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Catholic bishops lobbied against national suicide hotline because it included funding for LGBT+ groups

Lily Wakefield March 26, 2021
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Reverend José H Gomez, president of the US Conference of Catholic Bishops

Reverend José H Gomez, president of the US Conference of Catholic Bishops. (Getty)

The US Conference of Catholic Bishops lobbied last year to stop the National Suicide Hotline Designation Act from passing, just because the legislation included specific LGBT+ care.

Congress passed the act in 2020, creating a free of charge phone number that US residents can call during a mental health crisis.

The legislation acknowledges that LGBT+ youth are “more than four times more likely to contemplate suicide than their peers, with one in five LGBTQ youth and more than one in three transgender youth reporting attempting suicide”, and recommends that “specially trained staff and partner organisations for LGBTQ youth” be funded as part of the hotline.

However, the National Catholic Reporter revealed this week that the US Conference of Catholic Bishops quietly lobbied against the legislation.

The conference’s opposition to the suicide hotline is just the tip of the iceberg, as the publication revealed that they had also fought the Violence Against Women Reauthorization Act of 2013.

The 2013 legislation expanded on the 1994 Violence Against Women Act, which provided additional funding to prosecute violent crimes against women, in part by specifying that “underserved populations” would be defined as “populations that face barriers in accessing and using victim services because of geographic location, religion, sexual orientation or gender identity”.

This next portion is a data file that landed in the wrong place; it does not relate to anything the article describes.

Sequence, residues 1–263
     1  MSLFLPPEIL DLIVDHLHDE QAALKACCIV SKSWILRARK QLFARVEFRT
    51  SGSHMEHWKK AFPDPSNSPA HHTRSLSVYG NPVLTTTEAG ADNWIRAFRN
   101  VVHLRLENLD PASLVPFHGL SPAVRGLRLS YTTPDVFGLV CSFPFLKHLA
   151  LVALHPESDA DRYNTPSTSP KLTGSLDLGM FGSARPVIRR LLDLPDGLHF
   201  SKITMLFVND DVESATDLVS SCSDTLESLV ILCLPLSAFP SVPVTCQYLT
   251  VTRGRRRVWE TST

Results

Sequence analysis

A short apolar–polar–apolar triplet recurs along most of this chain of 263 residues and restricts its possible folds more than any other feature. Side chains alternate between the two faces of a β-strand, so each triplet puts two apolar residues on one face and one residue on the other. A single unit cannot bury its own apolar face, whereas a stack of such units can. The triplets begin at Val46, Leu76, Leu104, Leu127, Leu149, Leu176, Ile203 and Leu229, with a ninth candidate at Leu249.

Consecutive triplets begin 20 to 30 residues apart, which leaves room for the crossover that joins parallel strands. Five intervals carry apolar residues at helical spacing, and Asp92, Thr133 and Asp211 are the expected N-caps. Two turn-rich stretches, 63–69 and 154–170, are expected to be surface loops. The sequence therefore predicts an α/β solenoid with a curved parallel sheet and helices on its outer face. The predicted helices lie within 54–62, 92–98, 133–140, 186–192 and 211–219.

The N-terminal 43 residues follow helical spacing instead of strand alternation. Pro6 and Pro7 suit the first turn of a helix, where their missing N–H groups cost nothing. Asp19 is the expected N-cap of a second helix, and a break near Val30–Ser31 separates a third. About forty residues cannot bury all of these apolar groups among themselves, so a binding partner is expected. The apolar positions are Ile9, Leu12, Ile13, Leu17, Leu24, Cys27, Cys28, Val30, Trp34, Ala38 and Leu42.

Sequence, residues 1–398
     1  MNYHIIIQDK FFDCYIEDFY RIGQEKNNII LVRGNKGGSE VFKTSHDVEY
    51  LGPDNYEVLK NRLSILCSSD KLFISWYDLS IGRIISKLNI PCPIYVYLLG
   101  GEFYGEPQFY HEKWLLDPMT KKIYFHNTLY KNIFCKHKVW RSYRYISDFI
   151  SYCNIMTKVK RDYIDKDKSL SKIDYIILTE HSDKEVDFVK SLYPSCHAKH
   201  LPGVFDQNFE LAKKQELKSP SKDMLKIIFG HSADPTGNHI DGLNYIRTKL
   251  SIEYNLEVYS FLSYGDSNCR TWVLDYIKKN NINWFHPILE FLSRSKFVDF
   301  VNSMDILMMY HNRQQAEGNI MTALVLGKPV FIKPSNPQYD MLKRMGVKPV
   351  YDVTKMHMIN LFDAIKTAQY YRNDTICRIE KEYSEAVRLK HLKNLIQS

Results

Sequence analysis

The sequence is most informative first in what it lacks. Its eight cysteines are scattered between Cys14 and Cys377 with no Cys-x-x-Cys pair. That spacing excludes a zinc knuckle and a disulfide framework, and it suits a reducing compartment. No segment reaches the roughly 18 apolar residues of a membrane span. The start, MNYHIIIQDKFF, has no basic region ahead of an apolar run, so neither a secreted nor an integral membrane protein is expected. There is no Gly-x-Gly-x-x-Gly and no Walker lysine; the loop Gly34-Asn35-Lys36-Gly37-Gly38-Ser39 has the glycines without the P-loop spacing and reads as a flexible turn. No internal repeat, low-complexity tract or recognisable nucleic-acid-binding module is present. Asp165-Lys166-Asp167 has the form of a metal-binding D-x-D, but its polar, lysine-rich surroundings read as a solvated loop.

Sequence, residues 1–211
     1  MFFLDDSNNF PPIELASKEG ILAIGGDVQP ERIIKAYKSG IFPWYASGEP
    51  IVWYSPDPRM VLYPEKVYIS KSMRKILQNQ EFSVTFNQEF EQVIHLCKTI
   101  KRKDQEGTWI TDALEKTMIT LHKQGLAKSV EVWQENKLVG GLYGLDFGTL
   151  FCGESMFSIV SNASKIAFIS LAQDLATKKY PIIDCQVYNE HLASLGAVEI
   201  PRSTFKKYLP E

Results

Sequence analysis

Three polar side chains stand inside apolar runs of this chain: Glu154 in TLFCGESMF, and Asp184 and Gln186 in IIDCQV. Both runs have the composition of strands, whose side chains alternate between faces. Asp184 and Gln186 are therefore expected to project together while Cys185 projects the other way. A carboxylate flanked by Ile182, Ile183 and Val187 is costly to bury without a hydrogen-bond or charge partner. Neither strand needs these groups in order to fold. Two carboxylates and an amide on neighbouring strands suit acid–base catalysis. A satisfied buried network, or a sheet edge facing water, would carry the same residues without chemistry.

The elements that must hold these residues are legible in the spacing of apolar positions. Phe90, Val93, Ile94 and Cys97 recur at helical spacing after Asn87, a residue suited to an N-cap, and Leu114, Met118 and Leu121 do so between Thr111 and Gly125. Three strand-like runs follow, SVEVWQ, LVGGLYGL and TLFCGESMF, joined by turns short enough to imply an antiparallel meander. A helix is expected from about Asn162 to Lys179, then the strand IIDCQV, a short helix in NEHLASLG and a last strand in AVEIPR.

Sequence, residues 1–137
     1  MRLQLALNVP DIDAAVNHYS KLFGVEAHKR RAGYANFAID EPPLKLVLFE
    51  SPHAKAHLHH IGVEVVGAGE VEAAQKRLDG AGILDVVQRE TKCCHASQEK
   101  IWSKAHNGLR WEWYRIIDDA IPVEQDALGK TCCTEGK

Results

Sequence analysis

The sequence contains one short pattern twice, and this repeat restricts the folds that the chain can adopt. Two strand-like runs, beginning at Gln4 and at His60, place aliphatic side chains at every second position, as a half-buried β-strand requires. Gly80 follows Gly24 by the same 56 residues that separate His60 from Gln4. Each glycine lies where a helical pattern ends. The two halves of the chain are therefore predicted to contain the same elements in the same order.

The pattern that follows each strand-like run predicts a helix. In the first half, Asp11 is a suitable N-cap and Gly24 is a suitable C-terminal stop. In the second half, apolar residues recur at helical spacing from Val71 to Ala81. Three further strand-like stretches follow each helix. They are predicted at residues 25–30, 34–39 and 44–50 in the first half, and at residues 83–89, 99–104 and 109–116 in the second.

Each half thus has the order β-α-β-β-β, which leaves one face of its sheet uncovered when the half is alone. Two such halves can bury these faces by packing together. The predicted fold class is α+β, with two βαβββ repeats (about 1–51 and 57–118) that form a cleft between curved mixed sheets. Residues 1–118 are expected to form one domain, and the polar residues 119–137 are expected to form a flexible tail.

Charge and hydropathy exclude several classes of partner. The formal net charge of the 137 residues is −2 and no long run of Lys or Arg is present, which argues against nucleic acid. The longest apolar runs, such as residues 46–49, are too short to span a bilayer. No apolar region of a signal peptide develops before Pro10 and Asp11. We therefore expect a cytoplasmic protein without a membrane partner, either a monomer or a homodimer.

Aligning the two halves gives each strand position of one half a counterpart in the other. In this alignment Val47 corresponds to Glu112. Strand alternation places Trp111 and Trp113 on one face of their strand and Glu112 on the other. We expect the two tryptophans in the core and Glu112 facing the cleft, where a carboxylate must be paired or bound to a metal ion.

In a 2013 statement on why they refused to support the act, the US Conference of Catholic Bishops wrote: “All persons must be protected from violence, but codifying the classifications ‘sexual orientation’ and ‘gender identity’ as contained in in S. 47 is problematic.

“These two classifications are unnecessary to establish the just protections due to all persons.

“They undermine the meaning and importance of sexual difference. They are unjustly exploited for purposes of marriage redefinition, and marriage is the only institution that unites a man and a woman with each other and with any children born from their union.”

Following the trend of opposing any legislation that even acknowledges the existence of LGBT+ folk, the conference of course fought against the Equality Act, which was recently passed by the House of Representatives.

In a statement, the conference claimed that the Equality Act would “discriminate against people of faith”, and that it “purports to protect people experiencing same-sex attraction or gender discordance from discrimination”.

It continued: “But instead, the bill represents the imposition by Congress of novel and divisive viewpoints regarding ‘gender’ on individuals and organisations.”

“This includes dismissing sexual difference and falsely presenting ‘gender’ as only a social construct.”

Related topics: Catholic Church

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